A group of Texas reporters and editors translated the Uvalde shooting report into Spanish

The committee came under fire earlier this week after releasing the report only in English, considering Uvalde residents are overwhelmingly Hispanic or Latino and many speak Spanish.

Officials had said it would be weeks before they could share the report in Spanish, but earlier this week a group of Spanish-speaking journalists and editors translated its 77 pages and delivered thousands of copies to Uvalde.

The Austin-based American statesman announced earlier this week that he was releasing the full report in Spanish “as a public service to the Uvalde families and the wider community.”

Manny García, the newspaper’s editor, said in a note to readers that several Spanish-speaking journalists from across the country and Mexico worked together to translate and edit the report.

“A group of Spanish journalists and editors took special care to ensure that the translation was culturally competent and sensitive to the use of words by Mexican and Central American communities,” García wrote.

Nicole Carroll, editor of USA Today and president of the newspaper’s parent company, Gannett, said 10,000 copies of the Spanish version of the report were delivered to Uvalde on Thursday.

“García and other members of the statesman personally delivered copies to grocery stores, the pharmacy, restaurants, funeral homes, churches, the police department and the library. They left a pile at Robb Elementary School next to the memorials where visitors picked up copies,” Carroll wrote in a note to USA Today readers Friday.
Uvalde, which is about 85 miles west of San Antonio, has a predominantly Hispanic or Latino population and half of residents age 5 or older speak a language other than English at home, according to the Census. Desk.
Since the day after the May 24 massacre, authorities have struggled to provide information in Spanish. For days, law enforcement provided public updates only in English and DPS South Texas Regional Director Victor Escalon did not respond to requests from reporters for a statement in Spanish during of a press conference.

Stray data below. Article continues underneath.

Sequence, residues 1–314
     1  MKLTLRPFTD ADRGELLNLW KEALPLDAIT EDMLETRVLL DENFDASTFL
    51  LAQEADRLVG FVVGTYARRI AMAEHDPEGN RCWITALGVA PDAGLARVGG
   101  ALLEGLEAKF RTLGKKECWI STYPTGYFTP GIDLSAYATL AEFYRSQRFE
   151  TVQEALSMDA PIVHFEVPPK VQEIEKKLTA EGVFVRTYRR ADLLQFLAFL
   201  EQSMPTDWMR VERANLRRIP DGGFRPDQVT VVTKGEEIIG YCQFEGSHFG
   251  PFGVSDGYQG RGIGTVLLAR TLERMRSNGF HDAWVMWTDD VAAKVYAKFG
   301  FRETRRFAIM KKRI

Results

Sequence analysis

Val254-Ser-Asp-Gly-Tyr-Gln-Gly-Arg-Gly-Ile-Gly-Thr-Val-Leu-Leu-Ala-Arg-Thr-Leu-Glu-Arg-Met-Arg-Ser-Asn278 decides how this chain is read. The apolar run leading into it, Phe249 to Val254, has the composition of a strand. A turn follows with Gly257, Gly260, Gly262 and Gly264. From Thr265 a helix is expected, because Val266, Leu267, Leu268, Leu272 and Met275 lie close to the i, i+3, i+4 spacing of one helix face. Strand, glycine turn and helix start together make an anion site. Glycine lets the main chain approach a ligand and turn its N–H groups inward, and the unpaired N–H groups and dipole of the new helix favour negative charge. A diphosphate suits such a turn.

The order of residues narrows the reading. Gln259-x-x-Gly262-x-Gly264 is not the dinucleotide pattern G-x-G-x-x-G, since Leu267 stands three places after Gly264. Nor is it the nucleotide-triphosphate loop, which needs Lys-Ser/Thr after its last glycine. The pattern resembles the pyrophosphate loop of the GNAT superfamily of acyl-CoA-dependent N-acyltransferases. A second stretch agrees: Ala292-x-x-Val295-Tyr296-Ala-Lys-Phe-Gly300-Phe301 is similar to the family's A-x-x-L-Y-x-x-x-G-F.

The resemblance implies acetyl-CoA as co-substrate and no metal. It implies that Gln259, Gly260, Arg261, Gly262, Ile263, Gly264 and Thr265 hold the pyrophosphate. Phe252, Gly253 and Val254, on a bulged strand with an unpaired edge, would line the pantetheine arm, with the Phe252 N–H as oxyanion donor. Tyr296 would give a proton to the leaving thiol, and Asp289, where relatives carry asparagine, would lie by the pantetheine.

Last month, several members of Congress, including Rep. Raúl M. Grijalva of Arizona and Rep. Joaquin Castro of Texas, sent a letter to Texas Department of Public Safety Director Steven McCraw asking that all information about the shooting is provided in Spanish.

“The people of Uvalde have the right to know all the information about the horrific shooting that took place at Robb Elementary, and those whose first language is Spanish cannot continue to be ignored,” said the rep. Norma Torres of California in a statement. “Especially as misinformation and inconsistencies prevail, all members of the community deserve clear and critical public safety updates in their preferred language. English should not automatically be the default – in especially in predominantly Latino communities like Uvalde – and residents shouldn’t be left in the dark by security officials because of a language barrier.”

The committee examining law enforcement’s response to Uvalde did not comment on the release of the Spanish version of the report on Friday – but Texas State Rep. Joe Moody, one of three members of the committee, said Wednesday that it had “always” been their intention to translate the report into Spanish.

The professional translation service hired to do this, Moody tweetedinformed the committee that “it would normally take at least two weeks to complete a project like this, but given the nature of this work, they agreed to rush it and complete it this week”.

Moody said the committee spoke with local officials who were coordinating with Uvalde families to let them know the Spanish translation would not be ready by last week. He said the committee had been informed that the families wanted the English version of the report released without delay.

“We sincerely hope that the translation circulating today, which was not done by professional translators and has not been reviewed by our committee, is completely accurate,” Moody said. tweeted earlier this week.

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